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New tech can make your house a solar microgrid

Image of a house with solar panels

Enlarge / Modern single storey house with solar panels and wall battery for energy storage. (credit: imaginima)

In 2020, the average United States resident experienced a little more than eight hours of electricity blackouts, according to stats from the Energy Information Administration. The report noted that this was the highest number seen since 2013 when the organization began collecting this data.

During huge storms or massive oppressive heatwaves, the power can go out, and many of the amenities—TV, the Internet, fridges, etc.—Americans enjoy simply go kaput. Currently, the primary options for avoiding this fate are batteries and backup generators. However, a company called Enphase says it has created a product that can let your house run directly off its solar panels if they’re producing, though it comes with some caveats.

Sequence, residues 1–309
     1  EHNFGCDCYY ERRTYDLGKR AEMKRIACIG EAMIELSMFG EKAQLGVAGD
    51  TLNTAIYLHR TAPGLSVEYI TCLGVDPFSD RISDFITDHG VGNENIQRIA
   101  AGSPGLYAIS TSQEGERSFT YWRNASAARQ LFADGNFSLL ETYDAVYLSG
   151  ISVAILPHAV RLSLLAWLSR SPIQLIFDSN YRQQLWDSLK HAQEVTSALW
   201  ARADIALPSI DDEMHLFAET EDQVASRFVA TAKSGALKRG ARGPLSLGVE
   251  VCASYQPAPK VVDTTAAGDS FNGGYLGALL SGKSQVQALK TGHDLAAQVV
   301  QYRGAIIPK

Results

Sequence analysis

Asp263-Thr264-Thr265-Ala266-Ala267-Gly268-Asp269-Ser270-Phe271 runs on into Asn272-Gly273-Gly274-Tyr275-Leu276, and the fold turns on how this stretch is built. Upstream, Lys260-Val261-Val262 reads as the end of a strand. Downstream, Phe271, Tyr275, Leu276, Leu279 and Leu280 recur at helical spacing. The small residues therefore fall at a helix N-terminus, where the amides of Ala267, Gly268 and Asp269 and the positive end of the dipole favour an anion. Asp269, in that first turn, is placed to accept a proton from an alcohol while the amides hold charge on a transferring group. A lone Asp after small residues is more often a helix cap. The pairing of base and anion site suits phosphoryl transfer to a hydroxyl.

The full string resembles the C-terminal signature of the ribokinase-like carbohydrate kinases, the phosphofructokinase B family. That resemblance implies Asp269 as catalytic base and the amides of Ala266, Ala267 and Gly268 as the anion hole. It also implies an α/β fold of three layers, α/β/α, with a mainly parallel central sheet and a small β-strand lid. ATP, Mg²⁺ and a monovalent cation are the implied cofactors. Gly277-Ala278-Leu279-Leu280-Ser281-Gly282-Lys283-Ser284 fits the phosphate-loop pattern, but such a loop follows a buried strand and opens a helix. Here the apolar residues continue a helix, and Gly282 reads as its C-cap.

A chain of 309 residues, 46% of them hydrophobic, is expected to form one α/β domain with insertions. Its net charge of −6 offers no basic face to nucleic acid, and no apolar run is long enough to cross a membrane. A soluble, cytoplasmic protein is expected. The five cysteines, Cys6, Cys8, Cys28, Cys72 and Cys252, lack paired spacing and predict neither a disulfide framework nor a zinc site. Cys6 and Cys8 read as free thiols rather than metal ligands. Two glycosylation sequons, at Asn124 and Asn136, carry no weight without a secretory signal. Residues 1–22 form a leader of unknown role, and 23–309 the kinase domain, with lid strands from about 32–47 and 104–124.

Shouldn’t solar panels work during an outage?

You’d think so, but no—mostly. Solar panels affixed to homes (and other structures) that are connected to the power grid will also go kaput during power outages. The outage doesn’t stop them from producing power; the power just can’t be used in the absence of a functioning grid. That’s because the microinverters are part of an integrated system that includes the grid, power meter, and other associated hardware.

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